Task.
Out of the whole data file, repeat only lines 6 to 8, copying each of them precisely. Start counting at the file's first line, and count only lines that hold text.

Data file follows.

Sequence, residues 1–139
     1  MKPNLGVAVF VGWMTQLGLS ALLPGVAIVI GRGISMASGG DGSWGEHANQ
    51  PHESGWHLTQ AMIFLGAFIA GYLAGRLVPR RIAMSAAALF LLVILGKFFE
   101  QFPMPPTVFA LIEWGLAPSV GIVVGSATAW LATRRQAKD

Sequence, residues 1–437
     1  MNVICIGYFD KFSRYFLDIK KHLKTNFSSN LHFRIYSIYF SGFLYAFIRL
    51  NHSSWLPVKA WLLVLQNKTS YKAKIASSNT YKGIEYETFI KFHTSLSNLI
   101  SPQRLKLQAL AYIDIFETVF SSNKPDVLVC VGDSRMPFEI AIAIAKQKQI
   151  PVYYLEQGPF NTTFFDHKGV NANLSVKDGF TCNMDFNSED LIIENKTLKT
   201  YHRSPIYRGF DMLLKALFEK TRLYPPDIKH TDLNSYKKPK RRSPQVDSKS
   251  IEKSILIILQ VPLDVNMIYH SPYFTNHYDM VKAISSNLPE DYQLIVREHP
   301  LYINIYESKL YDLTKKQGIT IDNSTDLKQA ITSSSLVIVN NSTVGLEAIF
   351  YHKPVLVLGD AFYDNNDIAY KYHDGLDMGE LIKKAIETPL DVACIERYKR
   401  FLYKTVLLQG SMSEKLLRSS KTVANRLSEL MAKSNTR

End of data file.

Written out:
     1  MNVICIGYFD KFSRYFLDIK KHLKTNFSSN LHFRIYSIYF SGFLYAFIRL
    51  NHSSWLPVKA WLLVLQNKTS YKAKIASSNT YKGIEYETFI KFHTSLSNLI
   101  SPQRLKLQAL AYIDIFETVF SSNKPDVLVC VGDSRMPFEI AIAIAKQKQI